This proposal fits with the NIMH priority for research aimed at developing and testing "different modes for transferring efficacious interventions" into community settings--especially with regard to interventions serving HIV-positive persons (PA-08-166). In the U.S., HIV among women is increasing. Women living with HIV (WLH) face tremendous challenges, including: a) making decisions about disclosing their HIV status;and b) negotiating for and practicing safer sexual behavior. Although the Healthy Relationship (HR) intervention was developed to address these challenges, two substantial needs remain. First, there is a need for HR to better address the above described gender specific needs of WLH. Second, there is a need for more widespread dissemination to WLH. Although HR is disseminated in the US by CDC's Dissemination of Effective Behavioral Interventions (DEBI) project, dissemination is limited to geographical areas in which a critical mass of people with HIV can meet in a single location to participate, and where community agencies have the time and resources for these efforts. As such, the proposed R34 study is designed to pilot and feasibility test video group dissemination of an adapted, gender-specific version of Healthy Relationships (HR) for WLH. Our team is currently funded to work with a Community Advisory Board (CAB) to adapt HR into Healthy Relationships-Web (HR-W) to: a) address women's gender-specific needs;and b) enable more widespread delivery through web-based group videoconferencing accessed at community locations. This proposed study is the critical next step towards determining whether or not it is feasible and effective to disseminate HR-W to WLH. Building upon our current work, specific aims of the proposed study are as follows: 1) Conduct pilot testing of HR-W with WLH and make any necessary adaptations to finalize the manual;and 2) Conduct a small partial cross-over feasibility trial comparing HR-W with a wait-list control (WLC), in preparation for a large randomized controlled trial (RCT).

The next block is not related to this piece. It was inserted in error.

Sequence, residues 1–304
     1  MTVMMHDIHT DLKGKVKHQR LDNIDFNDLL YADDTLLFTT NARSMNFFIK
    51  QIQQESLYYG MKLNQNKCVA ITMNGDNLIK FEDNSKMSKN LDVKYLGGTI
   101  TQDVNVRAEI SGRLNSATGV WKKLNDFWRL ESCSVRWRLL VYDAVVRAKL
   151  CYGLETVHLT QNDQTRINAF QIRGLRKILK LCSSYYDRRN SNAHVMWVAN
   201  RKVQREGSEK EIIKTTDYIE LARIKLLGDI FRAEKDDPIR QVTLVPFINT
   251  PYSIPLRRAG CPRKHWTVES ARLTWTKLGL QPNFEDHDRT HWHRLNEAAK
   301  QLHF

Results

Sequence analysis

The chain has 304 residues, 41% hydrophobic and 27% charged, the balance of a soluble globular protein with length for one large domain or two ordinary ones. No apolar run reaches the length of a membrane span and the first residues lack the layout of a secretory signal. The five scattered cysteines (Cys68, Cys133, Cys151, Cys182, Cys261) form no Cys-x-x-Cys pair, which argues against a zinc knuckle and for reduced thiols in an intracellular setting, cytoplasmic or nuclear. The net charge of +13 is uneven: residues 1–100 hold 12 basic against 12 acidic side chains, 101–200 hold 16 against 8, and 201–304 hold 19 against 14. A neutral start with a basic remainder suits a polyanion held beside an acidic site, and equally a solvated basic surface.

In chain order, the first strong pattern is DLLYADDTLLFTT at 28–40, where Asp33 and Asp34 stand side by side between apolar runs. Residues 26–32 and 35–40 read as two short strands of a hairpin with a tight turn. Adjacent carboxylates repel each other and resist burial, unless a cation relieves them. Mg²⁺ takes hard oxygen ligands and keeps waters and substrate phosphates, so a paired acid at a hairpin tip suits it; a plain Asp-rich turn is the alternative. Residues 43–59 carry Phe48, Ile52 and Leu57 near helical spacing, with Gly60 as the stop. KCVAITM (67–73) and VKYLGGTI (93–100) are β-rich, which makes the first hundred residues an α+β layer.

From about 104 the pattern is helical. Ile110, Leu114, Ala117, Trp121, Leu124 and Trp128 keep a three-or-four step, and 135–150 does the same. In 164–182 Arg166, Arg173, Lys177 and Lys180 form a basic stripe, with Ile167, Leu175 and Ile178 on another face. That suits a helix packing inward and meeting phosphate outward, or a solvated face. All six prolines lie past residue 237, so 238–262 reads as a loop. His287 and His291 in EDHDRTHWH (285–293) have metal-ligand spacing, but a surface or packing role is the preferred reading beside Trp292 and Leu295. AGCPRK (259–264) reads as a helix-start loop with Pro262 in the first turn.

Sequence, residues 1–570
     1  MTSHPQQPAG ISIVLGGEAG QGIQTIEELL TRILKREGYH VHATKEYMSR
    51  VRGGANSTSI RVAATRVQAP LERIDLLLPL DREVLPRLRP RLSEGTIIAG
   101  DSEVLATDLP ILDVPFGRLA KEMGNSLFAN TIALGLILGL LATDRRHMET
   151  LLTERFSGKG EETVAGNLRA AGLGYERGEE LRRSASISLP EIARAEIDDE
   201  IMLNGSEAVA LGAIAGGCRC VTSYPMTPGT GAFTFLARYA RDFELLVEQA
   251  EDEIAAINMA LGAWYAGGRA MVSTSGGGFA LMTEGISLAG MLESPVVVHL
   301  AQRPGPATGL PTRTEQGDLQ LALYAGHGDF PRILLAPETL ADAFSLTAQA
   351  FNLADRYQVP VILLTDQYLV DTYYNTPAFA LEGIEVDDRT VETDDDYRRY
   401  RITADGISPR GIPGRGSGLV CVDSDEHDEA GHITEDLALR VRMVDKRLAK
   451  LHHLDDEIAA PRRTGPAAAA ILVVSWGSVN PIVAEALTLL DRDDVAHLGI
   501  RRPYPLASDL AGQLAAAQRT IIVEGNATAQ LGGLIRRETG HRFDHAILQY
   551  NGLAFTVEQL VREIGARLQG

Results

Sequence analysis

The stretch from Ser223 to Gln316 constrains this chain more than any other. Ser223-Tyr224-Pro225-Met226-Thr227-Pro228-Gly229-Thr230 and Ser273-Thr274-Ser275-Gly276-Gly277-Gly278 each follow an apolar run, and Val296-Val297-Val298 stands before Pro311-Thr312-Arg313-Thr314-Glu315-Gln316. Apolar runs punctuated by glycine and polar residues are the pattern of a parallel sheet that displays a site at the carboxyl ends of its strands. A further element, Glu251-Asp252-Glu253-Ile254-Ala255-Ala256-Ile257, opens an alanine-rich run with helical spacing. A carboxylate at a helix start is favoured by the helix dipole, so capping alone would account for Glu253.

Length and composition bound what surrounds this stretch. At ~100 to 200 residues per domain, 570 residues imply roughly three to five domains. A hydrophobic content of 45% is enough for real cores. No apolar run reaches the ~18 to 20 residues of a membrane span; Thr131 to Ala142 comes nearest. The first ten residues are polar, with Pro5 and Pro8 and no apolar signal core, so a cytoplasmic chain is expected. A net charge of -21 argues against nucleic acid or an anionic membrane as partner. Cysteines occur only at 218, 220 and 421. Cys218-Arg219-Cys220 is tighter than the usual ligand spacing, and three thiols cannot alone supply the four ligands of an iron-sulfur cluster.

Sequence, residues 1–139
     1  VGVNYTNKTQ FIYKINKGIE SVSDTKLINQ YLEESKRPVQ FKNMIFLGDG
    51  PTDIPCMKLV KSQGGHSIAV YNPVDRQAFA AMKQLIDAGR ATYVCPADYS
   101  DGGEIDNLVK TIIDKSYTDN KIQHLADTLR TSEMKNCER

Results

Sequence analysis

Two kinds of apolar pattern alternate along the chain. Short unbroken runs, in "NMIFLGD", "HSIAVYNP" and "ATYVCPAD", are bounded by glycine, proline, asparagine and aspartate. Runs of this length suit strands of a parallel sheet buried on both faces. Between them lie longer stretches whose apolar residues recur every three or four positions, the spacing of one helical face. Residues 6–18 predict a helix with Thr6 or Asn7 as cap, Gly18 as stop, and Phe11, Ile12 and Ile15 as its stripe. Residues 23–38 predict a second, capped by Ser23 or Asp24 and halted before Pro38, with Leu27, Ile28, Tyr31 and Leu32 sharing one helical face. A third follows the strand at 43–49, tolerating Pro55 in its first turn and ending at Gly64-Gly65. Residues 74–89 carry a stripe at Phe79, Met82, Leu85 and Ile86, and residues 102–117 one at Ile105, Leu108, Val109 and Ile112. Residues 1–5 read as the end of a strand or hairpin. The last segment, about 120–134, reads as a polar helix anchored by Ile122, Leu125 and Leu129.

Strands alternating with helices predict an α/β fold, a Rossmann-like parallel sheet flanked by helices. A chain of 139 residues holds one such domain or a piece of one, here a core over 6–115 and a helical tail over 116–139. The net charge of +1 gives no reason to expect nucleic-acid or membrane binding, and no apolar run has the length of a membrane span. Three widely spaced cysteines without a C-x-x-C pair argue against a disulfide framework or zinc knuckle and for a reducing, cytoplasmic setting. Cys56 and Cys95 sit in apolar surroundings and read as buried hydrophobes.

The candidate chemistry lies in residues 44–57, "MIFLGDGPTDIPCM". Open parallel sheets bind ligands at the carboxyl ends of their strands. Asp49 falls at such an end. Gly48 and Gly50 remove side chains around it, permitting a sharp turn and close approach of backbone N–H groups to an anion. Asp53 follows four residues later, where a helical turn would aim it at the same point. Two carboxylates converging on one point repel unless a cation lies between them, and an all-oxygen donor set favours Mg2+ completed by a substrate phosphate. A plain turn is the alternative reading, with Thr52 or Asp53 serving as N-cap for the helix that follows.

For Aim 1, we will conduct a single-group pilot test and garner feedback from participants to improve the HR-W manual with assistance from our existing CAB.
For Aim 2, WLH will be randomized into the HR-W (n=35) and WLC (n=35) conditions. HR-W participants will receive the intervention immediately after a baseline assessment. After both conditions complete a 6-month follow-up assessment, WLC participants will cross over to the HR-W condition, receive the intervention, and complete a follow-up 6 months later. In preparation for a large RCT (and R01 application), the overall goals of this project are to establish that it is feasible to provide HR-W through videoconferencing and gather evidence suggesting that HR-W may lead to significant reductions in sexual risk behavior. The long-term goal is to establish effectiveness of HR-W for WLH in urban as well as geographically dispersed, low-prevalence, and resource- poor environments.

Public Health Relevance

The successful dissemination of Healthy Relationships-Web through group videoconferencing accessed at community-located intervention stations will have far-reaching methodological and public health impacts. First, this study will establish the feasibility of online dissemination of an adapted version of Healthy Relationships so that, despite socioeconomic and geographic barriers, many more women living with HIV can benefit from the intervention's social support and skills building components. Second, this study will advance behavioral translation science by contributing significantly to current understandings of disseminating group-based interventions online, thus establishing knowledge that can then be used to adapt and disseminate an array of primary, secondary, and tertiary prevention interventions for a range of public health issues.

National Institute of Health (NIH)
National Institute of Mental Health (NIMH)
Planning Grant (R34)
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Special Emphasis Panel (ZMH1-ERB-E (09))
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Gordon, Christopher M
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University of South Florida
Public Health & Prev Medicine
Schools of Public Health
United States
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